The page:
Elevate the Head of the Mattress, or prop up your child’s sleep position with pillows. This helps drain the mucus away from the head and eases discomfort.

Natural Chest Rub: Try a natural chest rub which doesn’t use petroleum and menthol, and is safe for the appropriate age of the child. ENTER, Pure Beginning’s Natural Chest Rub with Eucalyptus and Lavender... (it’s brand new! What an incredible addition to the PB range).

Chat to a Homeopath about homeopathic remedies and herbs such as elderberry, echinacea, mint and honeysuckle. Do your research, make sure they’re safe for kids, and be consistent in your use if you want it to be effective.

Simple habits: Don’t forget to wash hands (using a safe and effective wash such as Pure Beginnings’ Fun Time Hand Wash). Also encourage the habit of coughing into your elbow to keep bugs from spreading.

Honey, Lemon and a Honey-and-Lemon Hot Toddy!

Honey: Make sure it’s local and raw (and that your child is over 1 year old). Honey has wonderful antioxidants, antiviral and antibacterial properties. It also boosts the immune system and soothes sore throats and coughs – and kids love honey!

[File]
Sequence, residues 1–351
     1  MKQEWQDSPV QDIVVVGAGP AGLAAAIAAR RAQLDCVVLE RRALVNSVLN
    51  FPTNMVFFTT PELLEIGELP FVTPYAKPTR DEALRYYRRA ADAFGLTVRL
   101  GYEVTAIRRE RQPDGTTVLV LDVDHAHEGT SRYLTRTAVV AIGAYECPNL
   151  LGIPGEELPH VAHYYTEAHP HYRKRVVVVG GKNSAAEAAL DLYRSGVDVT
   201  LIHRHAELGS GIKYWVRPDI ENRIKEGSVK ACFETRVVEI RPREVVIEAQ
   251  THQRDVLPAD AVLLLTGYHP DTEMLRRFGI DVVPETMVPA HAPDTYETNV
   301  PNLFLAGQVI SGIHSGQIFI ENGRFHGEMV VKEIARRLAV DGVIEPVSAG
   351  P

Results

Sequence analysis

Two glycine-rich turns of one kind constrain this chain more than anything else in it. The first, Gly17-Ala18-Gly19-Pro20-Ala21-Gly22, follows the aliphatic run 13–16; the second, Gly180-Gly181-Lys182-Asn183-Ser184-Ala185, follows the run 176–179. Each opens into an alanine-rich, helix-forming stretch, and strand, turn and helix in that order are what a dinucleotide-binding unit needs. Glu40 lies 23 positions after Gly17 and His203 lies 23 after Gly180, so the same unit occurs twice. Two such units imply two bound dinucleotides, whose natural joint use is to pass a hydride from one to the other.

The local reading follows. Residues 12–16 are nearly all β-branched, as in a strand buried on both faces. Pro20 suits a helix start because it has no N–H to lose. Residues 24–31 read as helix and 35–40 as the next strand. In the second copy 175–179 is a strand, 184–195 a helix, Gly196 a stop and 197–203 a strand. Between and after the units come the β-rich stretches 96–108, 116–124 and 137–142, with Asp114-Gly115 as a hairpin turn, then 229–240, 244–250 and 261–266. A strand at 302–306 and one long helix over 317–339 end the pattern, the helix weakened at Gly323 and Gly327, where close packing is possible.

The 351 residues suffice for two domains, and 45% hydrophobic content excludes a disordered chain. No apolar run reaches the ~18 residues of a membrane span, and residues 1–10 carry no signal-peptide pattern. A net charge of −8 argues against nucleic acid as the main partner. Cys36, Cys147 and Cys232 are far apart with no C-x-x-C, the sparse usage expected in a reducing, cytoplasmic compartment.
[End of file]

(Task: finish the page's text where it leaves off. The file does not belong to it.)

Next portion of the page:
Lemon: Vitamin C has long been known to support the immune system and fight off colds. Fruits and veggies high in Vitamin C are lemons, oranges, kiwis, red peppers, guavas, strawberries, dark leafy greens, papaya, broccoli and brussels sprouts. So stock up! 

Familiar with the Hot Toddy? Mix your own combination lemon and honey in hot water to sip on. This is a firm favourite in many households. Or try this more potent recipe if you need a serious help!

Lastly, change your children’s diet!

An easy way to remember this one, is to stop them eating white foods: At the first sign of illness, remove white foods from your children’s diet (dairy, white bread, etc.). Foods which are rich in vegetables, bone broth, whole grains, fermented foods and essential fatty acids (like fish oil & coconut oil) are the way to go. 

***

Pure Beginning’s new Baby & Kids Natural Chest Rub with Eucalyptus and Lavender. This 100% natural chest rub is the perfect addition to your winter medicine cabinet. Free from petroleum and menthol, and with 100% of the ingredients from natural origin, the chest rub is safe to use on babies as young as 3 months old. Incorporating the powerful healing properties of eucalyptus, tea tree, lavender and frankincense, the chest rub provides a gentle and effective way to ease congestion.